The climate change plan update, published in December, sets out several measures to support innovation and encourage new technologies and ideas. That includes £180 million for a new emerging energy technologies fund, which will support the development of Scottish hydrogen and carbon capture and storage industries, as well as new negative emissions technologies.
Innovation happens at the community level, too. Last week, I was delighted to announce support of £3.2 million this year for more than 270 projects through the community climate asset fund, which provides new and innovative ways for communities across Scotland to contribute to the national endeavour.
We have seen many successful community energy projects, which have not only provided people with improved energy efficiency options but helped to regenerate communities. What assistance can the Scottish Government give to community groups that are keen to take a proactive role in achieving Scotland’s zero carbon goal through community-led renewable energy projects?
I have already mentioned the community climate asset fund. The Scottish Government also continues to support the growth of community and renewable energy through its community and renewable energy scheme. Since its inception, CARES has made available more than £51 million to support more than 600 community and locally owned renewable energy projects across Scotland. That is helping communities to play a part in the transition to net zero. The next iteration of CARES, which is due to commence on 1 April, will focus on decarbonisation—particularly heat decarbonisation—and driving community-led activity.
Throughout the development process for offshore wind farms in Scottish waters, the Scottish Government manages a delicate balance between delivering our net zero commitment and protecting Scotland’s diverse and precious marine environment. Strategic environmental assessments ensure that environmental issues are taken into account at the planning stage, and habitats regulations appraisals are undertaken to determine whether a plan or project will have an adverse effect on the integrity of a protected area.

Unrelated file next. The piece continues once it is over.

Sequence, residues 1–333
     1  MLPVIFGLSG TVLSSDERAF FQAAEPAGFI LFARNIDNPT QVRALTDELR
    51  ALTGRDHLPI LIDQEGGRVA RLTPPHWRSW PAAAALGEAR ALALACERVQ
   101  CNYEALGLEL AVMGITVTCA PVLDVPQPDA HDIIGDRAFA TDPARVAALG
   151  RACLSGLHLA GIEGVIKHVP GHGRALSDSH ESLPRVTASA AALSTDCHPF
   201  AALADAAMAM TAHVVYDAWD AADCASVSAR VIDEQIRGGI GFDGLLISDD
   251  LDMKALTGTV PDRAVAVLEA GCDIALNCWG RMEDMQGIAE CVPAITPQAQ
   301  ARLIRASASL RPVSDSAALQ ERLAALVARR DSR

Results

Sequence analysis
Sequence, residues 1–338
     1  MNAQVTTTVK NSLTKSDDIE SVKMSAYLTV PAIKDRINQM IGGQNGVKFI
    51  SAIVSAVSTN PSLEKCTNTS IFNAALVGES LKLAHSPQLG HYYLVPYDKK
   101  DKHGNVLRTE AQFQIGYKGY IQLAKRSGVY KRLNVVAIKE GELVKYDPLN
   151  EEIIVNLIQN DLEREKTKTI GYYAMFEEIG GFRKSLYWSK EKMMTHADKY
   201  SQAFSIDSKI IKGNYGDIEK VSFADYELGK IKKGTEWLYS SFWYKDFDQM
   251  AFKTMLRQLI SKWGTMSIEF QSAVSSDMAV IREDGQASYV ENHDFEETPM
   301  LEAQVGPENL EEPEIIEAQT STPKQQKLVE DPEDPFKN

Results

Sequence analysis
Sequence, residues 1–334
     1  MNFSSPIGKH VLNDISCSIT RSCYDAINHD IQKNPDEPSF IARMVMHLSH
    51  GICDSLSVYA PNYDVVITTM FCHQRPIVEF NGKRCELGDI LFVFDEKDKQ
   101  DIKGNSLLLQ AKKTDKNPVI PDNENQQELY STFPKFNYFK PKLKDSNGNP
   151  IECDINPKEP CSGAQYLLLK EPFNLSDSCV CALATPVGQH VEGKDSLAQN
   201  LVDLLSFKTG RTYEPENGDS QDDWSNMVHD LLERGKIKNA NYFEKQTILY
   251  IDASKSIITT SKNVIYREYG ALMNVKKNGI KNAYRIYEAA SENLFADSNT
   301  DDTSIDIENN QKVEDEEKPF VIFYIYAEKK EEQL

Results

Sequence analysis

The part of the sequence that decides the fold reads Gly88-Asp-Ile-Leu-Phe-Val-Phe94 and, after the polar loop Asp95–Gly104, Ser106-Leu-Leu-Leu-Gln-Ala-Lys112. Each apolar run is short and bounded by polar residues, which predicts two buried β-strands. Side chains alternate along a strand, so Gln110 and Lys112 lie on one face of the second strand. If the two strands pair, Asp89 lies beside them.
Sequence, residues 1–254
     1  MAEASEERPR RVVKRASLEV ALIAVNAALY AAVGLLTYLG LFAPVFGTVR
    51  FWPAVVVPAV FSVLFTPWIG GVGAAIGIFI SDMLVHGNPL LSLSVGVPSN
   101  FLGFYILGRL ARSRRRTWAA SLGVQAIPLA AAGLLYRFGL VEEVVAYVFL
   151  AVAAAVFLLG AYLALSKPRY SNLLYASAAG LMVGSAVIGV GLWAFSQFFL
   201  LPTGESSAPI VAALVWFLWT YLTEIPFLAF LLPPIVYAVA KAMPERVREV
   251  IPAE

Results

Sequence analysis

Following that, at the application stage, developers must submit an environmental report identifying potential impacts on marine life, which is subject to rigorous consultation with environmental stakeholders. Ministers are required to consider those impacts when making their determination. Should consent be granted, it is subject to conditions mitigating and monitoring the effects on the environment where necessary, maintaining the important balance between the need to produce clean green energy and protecting our natural environment.
It is estimated that there are more than 100,000 tonnes of unexploded munitions in British waters, and many of them will be at Scottish sites that are earmarked for offshore wind farm development. As the Scottish Environment LINK orca species champion, I am concerned about the impact on cetaceans of clearing munitions. Detonations and explosions can displace animals and cause permanent hearing loss, and fish breeding grounds can be impacted.
I have had correspondence with the cabinet secretary about low-order deflagration, which is a new disposal technology. What progress has been made on the introduction of a policy change to make use of such technology to protect marine life?
I thank Beatrice Wishart for mentioning her correspondence with the cabinet secretary in the autumn. As she will know, should an unexploded ordnance require detonation, a European protected species licence would be required from Marine Scotland. Compared with other methods of UXO disposal, deflagration has the potential to significantly reduce acoustic impacts.
However, for a change in policy to require that technique to be used, such methods must be proven to be commercially viable. We await consideration of that. We are happy to continue to correspond with Beatrice Wishart on those important matters.